Health Care Professionals Raise Awareness of Sepsis Dangers


Nearly 3,500 Hoosiers die each year as a result of sepsis. During the month of September, health care professionals are working to improve those statistics by raising awareness. “Sepsis is the body’s overwhelming and potentially life-threatening response to an infection, and it can lead not only to tissue damage and organ failure, but even death,” says Linda Webb, the chief nurse executive at Pulaski Memorial Hospital.

She adds sepsis may develop from any type of infection, from minor skin infections to more major issues, like urinary tract infections, pneumonia, and appendicitis. One of the challenges with sepsis is that it may be tricky to spot, since many of its symptoms are also signs of other diseases. But Webb says it’s important to be vigilant. “If you have an infection, look for signs of fever and chills, rapid breathing or heart rate, confusion, disorientation. Those are some of the signs to look for,” she says.

People with weakened immune systems are most at risk, including those under the age of 10 or over the age of 65. Those who’ve recently undergone surgery, been hospitalized, or suffered a severe burn or wound are also at an increased risk. Webb urges those who suspect they may have sepsis to seek immediate medical attention.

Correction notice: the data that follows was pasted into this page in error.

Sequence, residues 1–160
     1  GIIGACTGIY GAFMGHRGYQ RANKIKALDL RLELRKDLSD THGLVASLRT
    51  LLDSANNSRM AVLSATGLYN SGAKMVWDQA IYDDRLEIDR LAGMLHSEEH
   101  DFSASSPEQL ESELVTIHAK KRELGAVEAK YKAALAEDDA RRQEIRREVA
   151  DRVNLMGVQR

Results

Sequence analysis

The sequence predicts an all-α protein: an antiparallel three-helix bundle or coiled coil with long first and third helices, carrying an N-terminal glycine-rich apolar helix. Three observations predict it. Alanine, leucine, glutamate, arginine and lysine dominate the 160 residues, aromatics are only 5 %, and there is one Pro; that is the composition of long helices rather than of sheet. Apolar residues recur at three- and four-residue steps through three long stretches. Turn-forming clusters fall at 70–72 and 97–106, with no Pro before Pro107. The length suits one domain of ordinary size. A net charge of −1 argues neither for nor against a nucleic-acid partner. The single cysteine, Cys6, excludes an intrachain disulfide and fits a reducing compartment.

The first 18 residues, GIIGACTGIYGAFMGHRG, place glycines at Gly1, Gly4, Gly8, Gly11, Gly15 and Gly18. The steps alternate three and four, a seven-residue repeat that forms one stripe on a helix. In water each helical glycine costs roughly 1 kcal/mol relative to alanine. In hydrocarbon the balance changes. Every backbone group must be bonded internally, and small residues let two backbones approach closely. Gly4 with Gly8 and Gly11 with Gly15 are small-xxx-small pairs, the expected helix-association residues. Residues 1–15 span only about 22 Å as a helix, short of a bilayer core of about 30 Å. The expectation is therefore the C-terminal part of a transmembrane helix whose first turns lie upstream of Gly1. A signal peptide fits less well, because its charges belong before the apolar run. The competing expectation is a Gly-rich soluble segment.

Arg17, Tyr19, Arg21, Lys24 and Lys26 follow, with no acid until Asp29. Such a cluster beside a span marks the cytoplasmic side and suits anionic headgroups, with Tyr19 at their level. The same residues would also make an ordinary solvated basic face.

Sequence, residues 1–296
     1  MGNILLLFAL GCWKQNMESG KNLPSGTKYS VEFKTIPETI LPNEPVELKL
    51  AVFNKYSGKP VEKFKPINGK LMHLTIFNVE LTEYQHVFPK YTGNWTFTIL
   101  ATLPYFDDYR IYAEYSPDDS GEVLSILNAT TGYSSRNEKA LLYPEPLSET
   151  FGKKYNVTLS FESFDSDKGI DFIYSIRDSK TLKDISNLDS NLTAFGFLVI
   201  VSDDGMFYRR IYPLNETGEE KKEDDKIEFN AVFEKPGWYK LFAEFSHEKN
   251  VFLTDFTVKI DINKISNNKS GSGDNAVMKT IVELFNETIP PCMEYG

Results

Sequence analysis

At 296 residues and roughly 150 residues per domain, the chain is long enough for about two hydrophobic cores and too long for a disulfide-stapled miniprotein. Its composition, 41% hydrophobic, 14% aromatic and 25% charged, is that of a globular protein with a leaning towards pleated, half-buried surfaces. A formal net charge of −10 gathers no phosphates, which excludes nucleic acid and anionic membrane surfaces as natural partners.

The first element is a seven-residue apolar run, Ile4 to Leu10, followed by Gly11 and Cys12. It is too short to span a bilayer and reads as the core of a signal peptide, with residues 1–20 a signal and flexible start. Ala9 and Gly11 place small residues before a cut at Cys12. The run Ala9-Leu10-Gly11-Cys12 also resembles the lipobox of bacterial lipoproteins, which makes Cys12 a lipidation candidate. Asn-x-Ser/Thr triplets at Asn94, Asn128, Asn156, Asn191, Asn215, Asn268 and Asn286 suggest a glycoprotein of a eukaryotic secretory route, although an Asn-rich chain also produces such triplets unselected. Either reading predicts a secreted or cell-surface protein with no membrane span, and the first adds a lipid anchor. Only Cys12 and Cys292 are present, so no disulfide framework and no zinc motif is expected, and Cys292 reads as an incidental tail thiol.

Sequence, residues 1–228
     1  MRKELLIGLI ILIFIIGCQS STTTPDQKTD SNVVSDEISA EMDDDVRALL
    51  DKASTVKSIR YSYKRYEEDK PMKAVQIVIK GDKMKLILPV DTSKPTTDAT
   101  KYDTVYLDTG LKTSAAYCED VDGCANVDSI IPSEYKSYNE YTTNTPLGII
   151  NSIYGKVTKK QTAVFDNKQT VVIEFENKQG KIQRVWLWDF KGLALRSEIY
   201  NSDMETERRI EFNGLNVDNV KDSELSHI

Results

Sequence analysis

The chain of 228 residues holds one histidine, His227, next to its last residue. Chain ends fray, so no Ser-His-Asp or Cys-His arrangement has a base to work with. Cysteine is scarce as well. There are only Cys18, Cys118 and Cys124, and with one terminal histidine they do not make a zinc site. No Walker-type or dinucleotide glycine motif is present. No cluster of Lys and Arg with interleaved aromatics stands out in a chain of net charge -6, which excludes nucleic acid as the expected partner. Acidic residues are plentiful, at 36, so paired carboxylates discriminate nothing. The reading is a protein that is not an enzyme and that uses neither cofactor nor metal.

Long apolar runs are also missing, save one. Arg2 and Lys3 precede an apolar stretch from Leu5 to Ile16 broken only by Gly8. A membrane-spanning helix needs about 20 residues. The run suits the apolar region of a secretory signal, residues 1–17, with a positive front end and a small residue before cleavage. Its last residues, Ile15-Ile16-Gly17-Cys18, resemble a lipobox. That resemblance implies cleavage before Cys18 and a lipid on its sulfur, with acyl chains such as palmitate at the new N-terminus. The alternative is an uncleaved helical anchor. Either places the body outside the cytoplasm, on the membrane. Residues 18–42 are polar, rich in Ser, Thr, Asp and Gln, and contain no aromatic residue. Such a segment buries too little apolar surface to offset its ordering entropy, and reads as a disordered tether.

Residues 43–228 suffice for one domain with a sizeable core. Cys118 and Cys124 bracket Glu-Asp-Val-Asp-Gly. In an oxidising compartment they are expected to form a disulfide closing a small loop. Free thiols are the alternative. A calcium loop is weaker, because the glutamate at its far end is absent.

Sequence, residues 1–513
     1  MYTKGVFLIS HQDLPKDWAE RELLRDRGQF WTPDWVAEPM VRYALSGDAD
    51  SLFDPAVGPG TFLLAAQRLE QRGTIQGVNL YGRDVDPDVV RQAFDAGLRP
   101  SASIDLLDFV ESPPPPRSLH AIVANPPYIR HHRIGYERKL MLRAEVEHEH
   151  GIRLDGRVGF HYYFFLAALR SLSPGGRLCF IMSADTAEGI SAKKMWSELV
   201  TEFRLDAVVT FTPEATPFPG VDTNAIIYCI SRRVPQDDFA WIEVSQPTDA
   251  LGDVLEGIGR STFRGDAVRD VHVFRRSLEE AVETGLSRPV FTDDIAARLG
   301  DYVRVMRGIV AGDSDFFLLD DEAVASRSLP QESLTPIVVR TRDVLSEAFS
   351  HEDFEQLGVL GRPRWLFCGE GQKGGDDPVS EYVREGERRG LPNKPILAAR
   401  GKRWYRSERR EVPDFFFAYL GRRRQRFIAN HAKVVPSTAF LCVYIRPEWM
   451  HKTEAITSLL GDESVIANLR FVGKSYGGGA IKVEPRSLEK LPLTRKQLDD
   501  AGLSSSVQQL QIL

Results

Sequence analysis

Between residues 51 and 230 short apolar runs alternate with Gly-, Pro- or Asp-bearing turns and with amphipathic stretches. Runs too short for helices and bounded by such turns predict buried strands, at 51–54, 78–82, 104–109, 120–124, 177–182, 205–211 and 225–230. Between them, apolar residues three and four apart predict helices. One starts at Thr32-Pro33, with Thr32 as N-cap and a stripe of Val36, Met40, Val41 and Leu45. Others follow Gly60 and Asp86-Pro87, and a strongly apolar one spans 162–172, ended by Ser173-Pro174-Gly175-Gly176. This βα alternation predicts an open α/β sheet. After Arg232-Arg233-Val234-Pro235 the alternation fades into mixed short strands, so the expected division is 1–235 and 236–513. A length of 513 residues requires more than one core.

She says health care providers like Pulaski Memorial Hospital have procedures in place to handle the disease. “We have specific sepsis alerts built into our systems,” she explains. “We have developed over the last several years some really good sepsis protocols, so that when a patient comes in, we’ll do a sepsis screening, and if they fall out in that screening based on some of the criteria, then we implement the treatment.” That treatment may include antibiotics, as well proper hydration or other supportive care.

Not only is September recognized as Sepsis Awareness Month, but the State of Indiana also commemorated World Sepsis Day this past Tuesday. For more information about sepsis, visit